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Tuesday, 3 March 1998
Page: 218

Mr ANDREN (8:20 PM) —The member for Capricornia (Mr Marek) alludes to the sacking of Bob Hawke. I wonder how unfair is the demise today of our respected Speaker. Let me repeat from the outset some words from my contribution to this debate the first time round:

The unfair dismissal law was a disincentive to employment, and that was made patently clear to me . . . in the course of the last election campaign—

and in discussions with small business ever since. I recently had a working breakfast with Bathurst business operators. Unfair dismissal laws remain a problem but far from the problem for small business. I put it to the House then, and it still applies, that, while unfair dismissal has been an important issue impacting on small business, it certainly is not the major one.

My new independent colleague, the member for Lowe (Mr Zammit), asked yesterday about action on the Reid report into fair trading and in particular action on the renewal of leases for sitting tenants. That is more germane to the problems of small business than unfair dismissal. The exploitative rental regime in regional shopping centres and overheads for small business, including payroll tax and workers compensation—these are the major issues affecting small business.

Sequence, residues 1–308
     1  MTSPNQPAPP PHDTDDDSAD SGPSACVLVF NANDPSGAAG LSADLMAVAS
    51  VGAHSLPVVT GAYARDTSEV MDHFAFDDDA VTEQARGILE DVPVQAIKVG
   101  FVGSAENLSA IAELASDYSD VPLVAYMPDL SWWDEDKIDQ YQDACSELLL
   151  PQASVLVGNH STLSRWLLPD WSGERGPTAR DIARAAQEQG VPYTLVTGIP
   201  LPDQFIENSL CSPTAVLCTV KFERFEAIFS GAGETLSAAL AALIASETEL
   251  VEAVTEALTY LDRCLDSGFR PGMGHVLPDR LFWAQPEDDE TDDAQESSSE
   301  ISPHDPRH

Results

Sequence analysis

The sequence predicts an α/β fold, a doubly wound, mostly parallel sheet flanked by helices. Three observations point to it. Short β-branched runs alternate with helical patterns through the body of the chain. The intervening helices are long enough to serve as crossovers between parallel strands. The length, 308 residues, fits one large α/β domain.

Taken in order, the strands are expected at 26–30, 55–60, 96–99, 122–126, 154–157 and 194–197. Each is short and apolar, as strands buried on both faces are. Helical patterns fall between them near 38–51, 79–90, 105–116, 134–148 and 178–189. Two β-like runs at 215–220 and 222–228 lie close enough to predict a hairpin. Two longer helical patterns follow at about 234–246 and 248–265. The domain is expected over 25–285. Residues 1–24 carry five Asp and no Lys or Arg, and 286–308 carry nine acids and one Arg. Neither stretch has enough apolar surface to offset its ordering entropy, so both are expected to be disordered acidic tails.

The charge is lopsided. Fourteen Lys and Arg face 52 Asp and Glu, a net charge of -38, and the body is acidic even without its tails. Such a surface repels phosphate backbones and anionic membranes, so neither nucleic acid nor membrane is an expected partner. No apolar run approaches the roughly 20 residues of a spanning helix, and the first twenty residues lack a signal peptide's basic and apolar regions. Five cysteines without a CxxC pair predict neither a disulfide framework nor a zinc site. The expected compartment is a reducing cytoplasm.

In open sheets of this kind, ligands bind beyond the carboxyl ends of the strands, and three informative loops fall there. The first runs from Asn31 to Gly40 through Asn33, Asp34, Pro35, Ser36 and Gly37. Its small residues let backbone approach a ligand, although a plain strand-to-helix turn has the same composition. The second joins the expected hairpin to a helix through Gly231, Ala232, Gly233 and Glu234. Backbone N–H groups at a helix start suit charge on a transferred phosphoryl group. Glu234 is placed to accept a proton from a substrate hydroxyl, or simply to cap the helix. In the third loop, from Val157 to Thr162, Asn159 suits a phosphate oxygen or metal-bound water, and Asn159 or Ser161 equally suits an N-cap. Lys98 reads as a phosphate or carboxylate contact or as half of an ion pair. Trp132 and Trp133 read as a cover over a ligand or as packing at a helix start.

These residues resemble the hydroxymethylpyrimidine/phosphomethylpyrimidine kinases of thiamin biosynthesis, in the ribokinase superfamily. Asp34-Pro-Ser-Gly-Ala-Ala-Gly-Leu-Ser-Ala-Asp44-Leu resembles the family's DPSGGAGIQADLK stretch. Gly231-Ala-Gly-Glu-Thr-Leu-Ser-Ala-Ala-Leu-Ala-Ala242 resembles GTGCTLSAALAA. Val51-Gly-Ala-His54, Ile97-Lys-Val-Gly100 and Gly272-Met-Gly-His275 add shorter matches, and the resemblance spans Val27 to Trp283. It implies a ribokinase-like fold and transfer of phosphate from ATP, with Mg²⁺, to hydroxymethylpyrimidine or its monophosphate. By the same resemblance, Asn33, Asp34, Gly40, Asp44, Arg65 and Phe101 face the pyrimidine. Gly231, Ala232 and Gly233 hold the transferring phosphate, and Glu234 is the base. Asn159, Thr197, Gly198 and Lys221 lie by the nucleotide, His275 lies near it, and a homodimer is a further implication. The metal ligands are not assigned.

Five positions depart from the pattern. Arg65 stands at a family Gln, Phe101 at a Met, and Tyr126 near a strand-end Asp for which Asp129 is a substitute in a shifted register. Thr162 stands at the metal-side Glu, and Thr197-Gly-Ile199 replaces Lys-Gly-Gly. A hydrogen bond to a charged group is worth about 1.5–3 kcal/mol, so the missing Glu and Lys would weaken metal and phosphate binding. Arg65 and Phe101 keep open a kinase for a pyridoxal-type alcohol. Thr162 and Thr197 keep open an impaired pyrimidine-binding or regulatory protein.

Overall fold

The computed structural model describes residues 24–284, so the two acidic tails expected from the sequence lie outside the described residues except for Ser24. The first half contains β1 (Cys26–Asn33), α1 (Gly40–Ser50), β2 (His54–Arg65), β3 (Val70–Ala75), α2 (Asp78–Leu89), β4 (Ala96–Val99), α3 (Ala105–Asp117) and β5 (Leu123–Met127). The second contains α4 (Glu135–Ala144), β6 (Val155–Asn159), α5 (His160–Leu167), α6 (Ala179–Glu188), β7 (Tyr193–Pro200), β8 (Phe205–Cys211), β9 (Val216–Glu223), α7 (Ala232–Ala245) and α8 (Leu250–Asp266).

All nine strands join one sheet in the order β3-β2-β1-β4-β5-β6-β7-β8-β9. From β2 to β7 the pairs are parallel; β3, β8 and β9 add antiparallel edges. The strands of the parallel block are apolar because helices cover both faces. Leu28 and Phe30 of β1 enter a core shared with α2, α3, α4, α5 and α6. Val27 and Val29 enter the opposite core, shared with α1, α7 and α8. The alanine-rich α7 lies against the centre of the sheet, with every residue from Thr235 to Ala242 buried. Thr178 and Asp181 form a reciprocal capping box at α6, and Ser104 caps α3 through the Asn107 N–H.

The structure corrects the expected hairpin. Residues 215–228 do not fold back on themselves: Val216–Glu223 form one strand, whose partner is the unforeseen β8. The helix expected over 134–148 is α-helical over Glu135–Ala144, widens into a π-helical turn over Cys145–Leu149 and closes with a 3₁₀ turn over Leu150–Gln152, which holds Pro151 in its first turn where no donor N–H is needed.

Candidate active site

I spoke last time of the need to regulate franchising and, in particular, the petroleum industry's franchise system, with the benefits all in favour of the oil companies. That is another area needing urgent reform.

Small business operators want to be in a position to employ before they worry too much about the terms and conditions of employment. That goes in a regional sense to the sort of incentives and support that government might offer to small business in regional areas of Australia.

I have no objections with this bill exempting businesses employing no more than 15 workers from the unfair dismissal provisions of the act. I say this because the unlawful dismissal provisions of the act remain intact. This includes dismissal for discriminatory reasons such as sexual preference, age, union membership and family responsibilities.

Let me revisit some of the comments made last night by government and opposition members on this bill. The member for Robertson (Mr Lloyd) convincingly detailed the protection for employees unlawfully dismissed, as contained in this bill. None of the protections under the unlawful dismissal provisions will be removed by the passing of this bill. The member referred to his experience in small business and the disincentive for a very small employer from the unfair dismissal provisions and how expensive and time-consuming such action could be. That is true and that is why I have no problems with this particular bill.

The member for Cunningham (Mr Martin) pointed out—I gather, from the remarks in the Hansard—the unfairness of the three months period of grace in which an employer can work out if their employee is up to the mark. Such a process has been in place in my former occupation in the television industry for many years. As I said in my previous comments on this bill late last year, such a three-month period, after which either party could part company without prejudice, worked perfectly well. I as a manager had absolutely no problems with it, nor did any of my employees.